“ The government has a role in empowering communities and businesses in order to boost confidence in regards to Indonesia's survivability within the AEC. ”
We are one of two state-owned companies involved in printing where we specialise in printing security paper-based products. As a company under the control of Indonesia’s National Intelligence Agency (BIN) and their Counterfeit Currency Eradication Coordination Authority (BOTASUPAL), we are responsible for the printing of security paper-based products such as bank notes, diplomas, state gazettes, e-KTP, and ATM cards among others. Aside from supporting BIN and BOTASUPAL’s printing activities, we also have a business operation that works for the government. For government-related printing needs, we are responsible for printing cards such as the Jakarta Smart Card and Jakarta Health Card. We also have business operations in digital archives as well as in trade. Furthermore, our establishment and line of business are stipulated under Government Regulation No. 72 of 2012.
As a company, we emphasise the importance of diversification and innovation as a means of maintaining our strength in the industry. In understanding the notion that PNRI cannot solely rely on the government, this has motivated us to release new products and thus enabled our product portfolio to continue expanding. Currently, PNRI is focused on catering to the local market, however, I have plans of one day exporting our products particularly in emerging markets such as Vietnam, Cambodia, and Laos. In order to achieve this goal, we would have to build up our level of competitiveness which nonetheless cannot be separated from receiving government support. Going forward, I would like to see PNRI continue to expand as a company in terms of size and capabilities.
The raw materials that we use for the production line of our products such as pulp & paper are mainly imported and thus we are susceptible to the changes impacting the foreign exchange rate. Furthermore, we face challenges due to the global economic slowdown as well as the acquirement of capital because and as such, we have had to participate in strategic alliances.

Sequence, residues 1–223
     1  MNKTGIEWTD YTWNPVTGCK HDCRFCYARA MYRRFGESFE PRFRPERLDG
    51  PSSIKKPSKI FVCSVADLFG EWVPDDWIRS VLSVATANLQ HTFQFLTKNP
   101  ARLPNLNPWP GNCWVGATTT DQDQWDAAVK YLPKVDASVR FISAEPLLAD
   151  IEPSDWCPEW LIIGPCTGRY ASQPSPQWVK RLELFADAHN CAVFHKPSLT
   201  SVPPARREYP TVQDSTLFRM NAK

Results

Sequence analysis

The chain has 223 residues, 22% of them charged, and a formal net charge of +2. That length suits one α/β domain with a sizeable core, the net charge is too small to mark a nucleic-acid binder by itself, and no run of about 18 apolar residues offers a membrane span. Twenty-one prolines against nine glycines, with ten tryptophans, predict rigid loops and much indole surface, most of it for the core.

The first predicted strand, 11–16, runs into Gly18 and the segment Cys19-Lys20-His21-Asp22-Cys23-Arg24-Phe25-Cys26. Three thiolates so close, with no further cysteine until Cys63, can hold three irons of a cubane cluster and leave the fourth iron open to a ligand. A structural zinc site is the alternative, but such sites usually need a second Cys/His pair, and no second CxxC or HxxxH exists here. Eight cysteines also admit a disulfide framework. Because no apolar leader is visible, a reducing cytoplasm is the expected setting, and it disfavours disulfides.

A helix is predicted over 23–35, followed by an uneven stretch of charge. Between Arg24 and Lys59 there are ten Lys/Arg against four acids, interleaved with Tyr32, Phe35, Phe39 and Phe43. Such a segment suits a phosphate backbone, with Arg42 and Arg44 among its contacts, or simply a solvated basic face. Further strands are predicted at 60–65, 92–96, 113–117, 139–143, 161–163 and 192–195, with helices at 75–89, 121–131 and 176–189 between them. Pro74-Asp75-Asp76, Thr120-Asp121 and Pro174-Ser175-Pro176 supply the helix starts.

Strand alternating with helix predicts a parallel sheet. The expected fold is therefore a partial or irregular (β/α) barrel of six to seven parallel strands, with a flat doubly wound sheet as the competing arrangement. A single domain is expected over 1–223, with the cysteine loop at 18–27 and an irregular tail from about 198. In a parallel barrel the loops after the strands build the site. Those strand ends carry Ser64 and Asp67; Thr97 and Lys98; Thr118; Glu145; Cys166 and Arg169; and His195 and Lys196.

Although I have reached out to the government to assist us financially, their agenda is primarily focused on special sectors such as infrastructure, oil and gas, and transportation. As a result, we have to create a strategy that will enable us to continue operating in the industry despite limited access to capital and high costs of raw materials. Among these strategies are applying for bank loans in addition to reaching out to industry players in wide-ranging sectors such as FMCGs for the printing aspect of their packaging.
Moreover, the government should also establish a basic chemical industry in Indonesia so as to reduce the cost of raw materials for pulp & paper. Another benefit to this initiative is that it would create business opportunities for local players which would reduce the issue of monopolisation that has overshadowed the national pulp & paper industry. Environmental issues surrounding Indonesia will continue to pose a problem for our industry should local companies seek to enter the European and American markets. Lastly, the government must also reduce the interest rate to one digit given that Indonesia’s interest rate is noticeably higher than that of Japan and Singapore. Should the government fulfil this, I am confident that our country’s business sector will be more competitive because companies would have better access to financing.
The country’s economic slowdown has nonetheless brought out challenges such as high interest rates, an overflow of goods from China, and lower consumer spending levels. In terms of the future, I hope that the world economy recovers and that Indonesia can overcome its current economic hurdle. For PNRI, we strive to increase our production capacity but the concern is on how to encourage consumers to purchase our goods.
I am optimistic that an economic rebound will take place in the short-term because the government is set to accelerate government spending and reform the business sector. It is important to note that to realise this, the government and businesses would need to work together in order to achieve political and monetary stability which will improve the Indonesia's competitiveness.
We recognise Singapore and Thailand’s strengths in the ASEAN region hence Indonesia will need to work towards competing head-to-head with these countries through business diversification. At PNRI, we recently entered digital printing as a response to competing in the AEC in addition to bolstering our upper-hand in the industry. Price competition is a factor that can have an impact on Indonesia’s ability to succeed in the AEC. Thus I believe that the government has a role in empowering communities and businesses in order to boost confidence in regards to Indonesia's survivability within the AEC.
As a company, we always remain open to establishing partnerships with local and international companies because PNRI believes in collaboration. Through partnerships, we are confident that we can create strategic alliances with our partners in order to achieve growth. Also, PNRI does not hesitate to work with the private sector despite us being a state-owned enterprise. We believe that these partnerships would assist us with the supply chain process and distribution channels.
At PNRI, we have a belief that businesses around the world are all interdependent and therefore it is important to focus on providing equal opportunities to small and medium enterprises. Large-scale companies must remember to support small-scale industry players because it is through this system that all businesses are able to attain long-term sustainability.